This Day in History: Oct 11, 1899: Boer War begins in South Africa
It was a war of greed. An already rich and powerful nation wanted more and was willing to sacrifice anything to get it. The Second Boer War (Dutch: Tweede Boerenoorlog, Afrikaans: Tweede Vryheidsoorlog or Tweede Boereoorlog) was fought from 11 October 1899 until 31 May 1902 between the British Empire and the Afrikaans-speaking Dutch settlers of two independent Boer republics, the South African Republic (Transvaal Republic) and the Orange Free State. It ended with a British victory and the…
The Boers Wars
An excellent set of Resources that will make your students understand the reason for the first and second Boer Wars. The power point presentation is full of maps, class activities and questions that can be answered with the aid of two information sheets that are also attached. Download and enjoy you...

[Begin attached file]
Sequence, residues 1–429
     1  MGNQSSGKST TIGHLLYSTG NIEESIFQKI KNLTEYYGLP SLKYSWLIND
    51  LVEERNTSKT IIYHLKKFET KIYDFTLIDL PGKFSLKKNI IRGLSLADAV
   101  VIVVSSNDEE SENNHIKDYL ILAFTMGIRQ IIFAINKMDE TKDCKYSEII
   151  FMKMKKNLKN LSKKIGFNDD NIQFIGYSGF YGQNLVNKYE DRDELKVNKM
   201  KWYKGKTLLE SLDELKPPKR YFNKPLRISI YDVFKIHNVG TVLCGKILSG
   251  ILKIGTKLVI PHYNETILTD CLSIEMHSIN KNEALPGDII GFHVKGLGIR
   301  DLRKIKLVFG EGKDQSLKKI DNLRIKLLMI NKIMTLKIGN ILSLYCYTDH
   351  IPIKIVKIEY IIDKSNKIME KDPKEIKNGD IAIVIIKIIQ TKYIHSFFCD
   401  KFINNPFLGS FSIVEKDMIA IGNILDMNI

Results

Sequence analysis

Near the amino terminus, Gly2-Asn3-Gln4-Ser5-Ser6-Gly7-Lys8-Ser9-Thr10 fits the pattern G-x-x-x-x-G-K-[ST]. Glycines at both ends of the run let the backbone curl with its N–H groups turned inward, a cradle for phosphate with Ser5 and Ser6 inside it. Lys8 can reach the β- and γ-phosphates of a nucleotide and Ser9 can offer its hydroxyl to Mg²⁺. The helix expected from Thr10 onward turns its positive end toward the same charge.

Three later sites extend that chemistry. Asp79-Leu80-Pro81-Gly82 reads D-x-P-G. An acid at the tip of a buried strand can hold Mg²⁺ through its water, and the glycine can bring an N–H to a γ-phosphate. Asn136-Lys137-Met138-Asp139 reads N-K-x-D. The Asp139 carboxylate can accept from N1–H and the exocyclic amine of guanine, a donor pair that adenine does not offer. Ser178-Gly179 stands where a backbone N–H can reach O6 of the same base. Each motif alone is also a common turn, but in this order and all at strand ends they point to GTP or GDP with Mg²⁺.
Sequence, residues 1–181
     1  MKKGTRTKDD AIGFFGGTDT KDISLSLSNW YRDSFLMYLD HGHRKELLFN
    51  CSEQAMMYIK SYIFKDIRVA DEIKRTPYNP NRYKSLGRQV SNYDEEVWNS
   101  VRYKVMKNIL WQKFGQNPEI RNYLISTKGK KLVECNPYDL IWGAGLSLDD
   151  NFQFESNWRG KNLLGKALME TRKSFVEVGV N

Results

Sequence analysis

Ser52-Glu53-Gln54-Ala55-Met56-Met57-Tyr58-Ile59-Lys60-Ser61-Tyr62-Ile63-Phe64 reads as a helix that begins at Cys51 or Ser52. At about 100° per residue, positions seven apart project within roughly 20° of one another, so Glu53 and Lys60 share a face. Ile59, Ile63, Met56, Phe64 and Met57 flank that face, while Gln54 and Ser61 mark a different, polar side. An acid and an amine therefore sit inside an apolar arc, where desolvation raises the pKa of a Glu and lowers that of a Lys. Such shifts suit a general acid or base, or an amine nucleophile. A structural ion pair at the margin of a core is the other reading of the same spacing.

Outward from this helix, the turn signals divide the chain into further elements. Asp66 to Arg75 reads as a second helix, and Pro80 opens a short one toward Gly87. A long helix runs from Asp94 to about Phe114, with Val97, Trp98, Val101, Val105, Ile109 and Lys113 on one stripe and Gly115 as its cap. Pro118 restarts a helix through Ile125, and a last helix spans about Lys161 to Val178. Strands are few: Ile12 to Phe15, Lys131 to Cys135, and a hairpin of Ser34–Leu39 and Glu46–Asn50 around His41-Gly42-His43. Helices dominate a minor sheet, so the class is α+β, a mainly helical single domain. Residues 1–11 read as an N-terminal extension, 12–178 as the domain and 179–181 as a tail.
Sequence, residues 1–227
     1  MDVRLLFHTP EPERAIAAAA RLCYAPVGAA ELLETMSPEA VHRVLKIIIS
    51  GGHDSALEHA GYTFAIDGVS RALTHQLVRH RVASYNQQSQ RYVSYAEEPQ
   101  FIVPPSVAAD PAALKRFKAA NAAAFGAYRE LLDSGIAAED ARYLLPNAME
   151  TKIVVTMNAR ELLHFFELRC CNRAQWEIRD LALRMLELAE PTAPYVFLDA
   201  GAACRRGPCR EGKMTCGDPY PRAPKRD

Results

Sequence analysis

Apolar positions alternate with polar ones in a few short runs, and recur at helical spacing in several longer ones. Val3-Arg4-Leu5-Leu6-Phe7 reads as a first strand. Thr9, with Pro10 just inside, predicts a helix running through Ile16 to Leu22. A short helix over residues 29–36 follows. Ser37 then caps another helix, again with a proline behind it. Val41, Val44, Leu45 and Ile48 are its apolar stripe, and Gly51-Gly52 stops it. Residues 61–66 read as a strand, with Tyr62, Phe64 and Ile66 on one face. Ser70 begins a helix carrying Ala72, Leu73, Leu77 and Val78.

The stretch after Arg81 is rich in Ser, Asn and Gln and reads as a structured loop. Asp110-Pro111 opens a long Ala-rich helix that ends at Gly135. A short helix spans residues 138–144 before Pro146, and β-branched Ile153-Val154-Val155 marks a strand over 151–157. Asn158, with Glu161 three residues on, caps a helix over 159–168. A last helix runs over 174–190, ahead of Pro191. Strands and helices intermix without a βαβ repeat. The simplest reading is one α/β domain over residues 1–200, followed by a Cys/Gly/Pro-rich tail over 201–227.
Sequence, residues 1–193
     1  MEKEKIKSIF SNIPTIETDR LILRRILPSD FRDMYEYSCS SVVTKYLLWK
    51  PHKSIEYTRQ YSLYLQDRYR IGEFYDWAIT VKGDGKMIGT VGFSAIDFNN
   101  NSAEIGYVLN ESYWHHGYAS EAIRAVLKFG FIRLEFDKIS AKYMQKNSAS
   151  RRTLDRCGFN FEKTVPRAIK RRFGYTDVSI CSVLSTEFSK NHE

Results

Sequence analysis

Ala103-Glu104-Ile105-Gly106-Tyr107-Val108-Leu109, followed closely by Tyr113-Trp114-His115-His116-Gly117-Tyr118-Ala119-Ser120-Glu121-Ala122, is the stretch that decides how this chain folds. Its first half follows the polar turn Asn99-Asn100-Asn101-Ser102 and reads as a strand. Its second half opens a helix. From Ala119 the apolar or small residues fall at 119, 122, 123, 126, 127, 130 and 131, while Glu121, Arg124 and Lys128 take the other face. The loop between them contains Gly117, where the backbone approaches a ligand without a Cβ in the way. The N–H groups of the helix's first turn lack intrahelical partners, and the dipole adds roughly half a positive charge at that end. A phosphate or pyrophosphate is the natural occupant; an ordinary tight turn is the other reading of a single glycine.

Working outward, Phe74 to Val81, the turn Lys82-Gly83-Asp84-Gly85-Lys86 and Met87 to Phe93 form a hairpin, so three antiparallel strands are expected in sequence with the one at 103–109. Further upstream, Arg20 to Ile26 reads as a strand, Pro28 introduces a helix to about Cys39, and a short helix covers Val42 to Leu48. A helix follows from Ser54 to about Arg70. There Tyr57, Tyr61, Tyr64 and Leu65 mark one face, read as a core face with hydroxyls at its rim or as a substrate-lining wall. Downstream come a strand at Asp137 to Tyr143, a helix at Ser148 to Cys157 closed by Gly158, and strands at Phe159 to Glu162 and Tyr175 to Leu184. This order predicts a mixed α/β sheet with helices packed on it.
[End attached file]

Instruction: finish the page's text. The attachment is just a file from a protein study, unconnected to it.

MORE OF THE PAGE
Boer War Art Poetry and History
Read this newspaper clip below – where an Englishman described how kind the Boers were and that everything that was said in England about the Boers, was not true. From the Boer War Facebook p…
Double Agents And Sexy Spies: 4 Real Life Espionage Stories
Spies are in the news right now, which is a good thing, because spies are pretty much the fucking best. Here are some of the most cold-bloodedly badass IRL spies of the last century, up to and including the awesome retro Russian spies who just got caught this week.
The 6 Commanders Whose Incompetence Nearly Lost Britain the Second Boer War
“The Boers are not like the Sudanese, who stood up to a fair fight. They are always running away on their little ponies.” - General Kitchener, 1900 The
October 11, 1899. The South African Boer War begins between the British Empire and the Boers of the Transvaal and Orange Free State. The Boers, also known as Afrikaners, were the descendants of the original Dutch settlers of southern Africa. Britain took possession of the Dutch Cape colony in 1806 during the Napoleonic wars, sparking resistance from the independence-minded Boers, who resented the Anglicization of South Africa and Britain's anti-slavery policies.